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'The Scream' stolen from museum

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'The Scream' stolen from museum


OSLO, Norway (AP) -- Armed men stormed into an art museum Sunday, threatened staff at gunpoint and stole Edvard Munch's famous paintings "The Scream" and "Madonna" before the eyes of stunned museum-goers.

The thieves yanked the paintings off the walls of Oslo's Munch museum and loaded them into a waiting car outside, said a witness, French radio producer Francois Castang.

Police spokeswoman Hilde Walsoe said the two or three armed men threatened a museum employee with a handgun to give them the two paintings, including "The Scream" -- Munch's famed depiction of an anguished figure with its head in its hands.

"No one has been physically injured, and the suspects escaped in an Audi A6. We are searching for the suspects with all available means," Walsoe told The Associated Press.

Many museum visitors panicked and thought they were being attacked by terrorists.

"He was wearing a black face mask and something that looked like a gun to force a female security guard down on the floor," visitor Marketa Cajova told NTB public radio.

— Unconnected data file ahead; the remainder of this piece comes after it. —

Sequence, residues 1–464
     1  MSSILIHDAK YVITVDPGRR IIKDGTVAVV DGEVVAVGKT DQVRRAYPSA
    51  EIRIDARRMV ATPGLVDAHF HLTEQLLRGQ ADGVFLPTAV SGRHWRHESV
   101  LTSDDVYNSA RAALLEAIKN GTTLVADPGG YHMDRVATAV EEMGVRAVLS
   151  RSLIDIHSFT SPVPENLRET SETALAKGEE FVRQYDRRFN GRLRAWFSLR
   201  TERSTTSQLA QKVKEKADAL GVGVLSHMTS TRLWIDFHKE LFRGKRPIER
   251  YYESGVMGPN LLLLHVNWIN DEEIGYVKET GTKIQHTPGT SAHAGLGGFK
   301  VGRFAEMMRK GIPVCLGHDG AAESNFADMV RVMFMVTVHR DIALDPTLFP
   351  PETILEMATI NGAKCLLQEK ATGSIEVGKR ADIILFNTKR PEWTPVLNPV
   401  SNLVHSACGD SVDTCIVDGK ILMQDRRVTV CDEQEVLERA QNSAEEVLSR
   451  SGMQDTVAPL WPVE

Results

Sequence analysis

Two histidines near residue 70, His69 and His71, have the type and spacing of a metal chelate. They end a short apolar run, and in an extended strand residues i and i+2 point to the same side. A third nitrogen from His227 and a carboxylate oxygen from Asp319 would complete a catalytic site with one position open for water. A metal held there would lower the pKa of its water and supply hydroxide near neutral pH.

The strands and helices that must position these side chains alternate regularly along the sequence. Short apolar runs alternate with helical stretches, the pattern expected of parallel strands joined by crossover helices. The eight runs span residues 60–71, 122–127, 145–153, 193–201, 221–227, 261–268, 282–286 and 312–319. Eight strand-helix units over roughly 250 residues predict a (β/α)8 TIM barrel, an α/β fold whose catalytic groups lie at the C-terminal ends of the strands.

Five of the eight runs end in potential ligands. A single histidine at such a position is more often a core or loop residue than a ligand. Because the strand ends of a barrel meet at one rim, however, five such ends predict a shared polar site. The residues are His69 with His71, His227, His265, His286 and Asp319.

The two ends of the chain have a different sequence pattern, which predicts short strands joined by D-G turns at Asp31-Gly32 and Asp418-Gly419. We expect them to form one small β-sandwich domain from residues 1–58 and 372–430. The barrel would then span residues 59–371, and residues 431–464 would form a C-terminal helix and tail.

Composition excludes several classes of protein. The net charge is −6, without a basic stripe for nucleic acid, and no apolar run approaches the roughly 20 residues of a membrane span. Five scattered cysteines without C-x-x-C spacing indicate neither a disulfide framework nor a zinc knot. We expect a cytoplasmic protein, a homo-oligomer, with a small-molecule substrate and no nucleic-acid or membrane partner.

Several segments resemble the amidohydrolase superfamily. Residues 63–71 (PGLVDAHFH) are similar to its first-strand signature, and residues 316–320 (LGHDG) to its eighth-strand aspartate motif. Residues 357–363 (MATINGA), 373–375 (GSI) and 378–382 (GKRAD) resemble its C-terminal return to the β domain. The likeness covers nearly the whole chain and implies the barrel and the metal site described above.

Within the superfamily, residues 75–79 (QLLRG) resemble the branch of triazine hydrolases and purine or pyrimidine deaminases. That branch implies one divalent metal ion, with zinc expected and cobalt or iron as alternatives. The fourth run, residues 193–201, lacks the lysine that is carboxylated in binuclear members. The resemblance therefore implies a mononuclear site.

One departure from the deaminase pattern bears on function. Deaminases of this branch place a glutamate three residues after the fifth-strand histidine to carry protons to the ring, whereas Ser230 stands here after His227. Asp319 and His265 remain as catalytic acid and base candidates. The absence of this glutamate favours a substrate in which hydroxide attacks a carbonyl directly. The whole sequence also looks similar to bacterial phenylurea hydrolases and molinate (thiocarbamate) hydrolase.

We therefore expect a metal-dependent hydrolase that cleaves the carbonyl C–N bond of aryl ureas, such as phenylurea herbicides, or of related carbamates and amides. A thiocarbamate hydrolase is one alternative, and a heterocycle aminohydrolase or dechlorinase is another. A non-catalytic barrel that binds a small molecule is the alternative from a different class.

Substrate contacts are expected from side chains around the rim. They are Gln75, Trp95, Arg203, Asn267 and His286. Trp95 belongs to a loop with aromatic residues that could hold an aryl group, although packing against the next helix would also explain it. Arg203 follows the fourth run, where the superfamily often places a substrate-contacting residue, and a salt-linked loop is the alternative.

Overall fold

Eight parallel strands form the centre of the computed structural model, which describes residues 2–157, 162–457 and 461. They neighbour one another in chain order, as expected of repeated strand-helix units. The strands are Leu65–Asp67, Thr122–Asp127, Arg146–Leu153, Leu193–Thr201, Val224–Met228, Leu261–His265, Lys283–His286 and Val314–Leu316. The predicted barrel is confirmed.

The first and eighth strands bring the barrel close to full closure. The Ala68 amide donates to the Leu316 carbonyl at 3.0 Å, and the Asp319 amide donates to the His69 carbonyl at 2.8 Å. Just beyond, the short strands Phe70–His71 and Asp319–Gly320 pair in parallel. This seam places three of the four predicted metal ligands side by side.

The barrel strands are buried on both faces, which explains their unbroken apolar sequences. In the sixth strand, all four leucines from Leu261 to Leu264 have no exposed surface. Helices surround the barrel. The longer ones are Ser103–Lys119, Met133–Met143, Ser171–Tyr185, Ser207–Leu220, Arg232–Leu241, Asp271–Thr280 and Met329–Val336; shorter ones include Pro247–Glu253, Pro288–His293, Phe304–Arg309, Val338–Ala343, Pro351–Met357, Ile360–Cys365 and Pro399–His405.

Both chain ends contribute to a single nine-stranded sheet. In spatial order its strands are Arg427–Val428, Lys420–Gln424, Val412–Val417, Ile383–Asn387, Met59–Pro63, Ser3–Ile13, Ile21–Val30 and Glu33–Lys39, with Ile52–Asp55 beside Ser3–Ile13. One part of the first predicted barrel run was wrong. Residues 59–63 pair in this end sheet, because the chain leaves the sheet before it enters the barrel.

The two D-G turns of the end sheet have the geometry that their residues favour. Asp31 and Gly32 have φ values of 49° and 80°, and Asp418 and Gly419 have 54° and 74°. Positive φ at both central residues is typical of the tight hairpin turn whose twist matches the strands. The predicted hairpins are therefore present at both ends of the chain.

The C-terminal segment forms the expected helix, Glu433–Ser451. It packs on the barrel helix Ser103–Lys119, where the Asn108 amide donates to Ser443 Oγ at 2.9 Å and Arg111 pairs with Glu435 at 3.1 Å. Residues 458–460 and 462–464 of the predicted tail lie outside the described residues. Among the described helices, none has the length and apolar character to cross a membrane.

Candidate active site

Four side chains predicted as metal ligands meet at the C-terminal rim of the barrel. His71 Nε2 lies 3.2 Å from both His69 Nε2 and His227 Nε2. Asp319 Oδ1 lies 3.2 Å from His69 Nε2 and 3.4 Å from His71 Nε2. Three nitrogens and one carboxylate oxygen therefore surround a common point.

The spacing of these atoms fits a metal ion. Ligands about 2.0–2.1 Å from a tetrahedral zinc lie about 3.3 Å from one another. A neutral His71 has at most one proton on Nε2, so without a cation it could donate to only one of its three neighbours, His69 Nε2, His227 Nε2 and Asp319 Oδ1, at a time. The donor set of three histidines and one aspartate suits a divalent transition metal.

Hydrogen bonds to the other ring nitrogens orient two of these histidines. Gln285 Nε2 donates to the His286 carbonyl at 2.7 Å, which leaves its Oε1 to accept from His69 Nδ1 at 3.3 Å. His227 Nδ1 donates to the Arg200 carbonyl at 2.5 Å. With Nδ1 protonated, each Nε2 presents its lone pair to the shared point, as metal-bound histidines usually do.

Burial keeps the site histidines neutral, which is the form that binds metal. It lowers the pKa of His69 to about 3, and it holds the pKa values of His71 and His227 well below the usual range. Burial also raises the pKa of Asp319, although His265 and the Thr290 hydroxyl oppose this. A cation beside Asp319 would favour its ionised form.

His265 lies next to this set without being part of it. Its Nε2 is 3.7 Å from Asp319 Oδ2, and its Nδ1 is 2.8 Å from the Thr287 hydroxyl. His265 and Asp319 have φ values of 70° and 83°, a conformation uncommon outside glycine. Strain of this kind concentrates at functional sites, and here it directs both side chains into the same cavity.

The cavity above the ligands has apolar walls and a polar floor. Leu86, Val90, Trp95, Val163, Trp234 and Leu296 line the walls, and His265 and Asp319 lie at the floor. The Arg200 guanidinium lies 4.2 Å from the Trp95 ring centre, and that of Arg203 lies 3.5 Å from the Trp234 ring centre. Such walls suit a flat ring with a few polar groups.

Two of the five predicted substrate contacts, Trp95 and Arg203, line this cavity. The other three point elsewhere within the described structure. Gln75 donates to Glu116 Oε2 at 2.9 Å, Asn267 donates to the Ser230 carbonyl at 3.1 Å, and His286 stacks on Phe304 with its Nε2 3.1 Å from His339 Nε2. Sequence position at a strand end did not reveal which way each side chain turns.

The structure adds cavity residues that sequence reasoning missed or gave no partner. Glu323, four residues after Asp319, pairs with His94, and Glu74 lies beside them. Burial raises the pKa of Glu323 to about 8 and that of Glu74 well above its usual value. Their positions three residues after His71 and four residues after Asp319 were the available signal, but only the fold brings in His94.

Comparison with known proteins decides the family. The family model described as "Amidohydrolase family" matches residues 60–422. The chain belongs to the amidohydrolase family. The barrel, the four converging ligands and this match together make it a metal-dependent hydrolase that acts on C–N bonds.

"What's strange is that in this museum, there weren't any means of protection for the paintings, no alarm bell," Castang told France Inter radio.

"The paintings were simply attached by wire to the walls," he said. "All you had to do is pull on the painting hard for the cord to break loose -- which is what I saw one of the thieves doing."

Castang said police arrived on the scene 15 minutes later. Visitors were ushered into the museum's cafeteria.

"We don't have all the details on the situation, but we are searching for the suspects in the air and on land," Police Spokesman Kjell Moerk told the public radio network NRK.

It was the second time in 10 years that "The Scream" has been stolen.

In February 1994, the work was taken and remained missing for nearly three months. Police ultimately recovered the work, which is on fragile paper, undamaged in a hotel in Asgardstrand, about 40 miles south of the capital, Oslo. Three Norwegians were arrested.

At the time, investigators said the trio tried to ransom the painting, demanding $1 million from the government. It was never paid.

Munch, a Norwegian painter and graphic artist who worked in Germany as well as his home country, developed an emotionally charged style that was of great importance in the birth of the 20th century Expressionist movement.

He painted "The Scream" in 1893, as part of his "Frieze of Life" series, in which sickness, death, anxiety, and love are central themes. He died in 1944 at the age of 81.

The National Art Museum owns 58 paintings by Munch.

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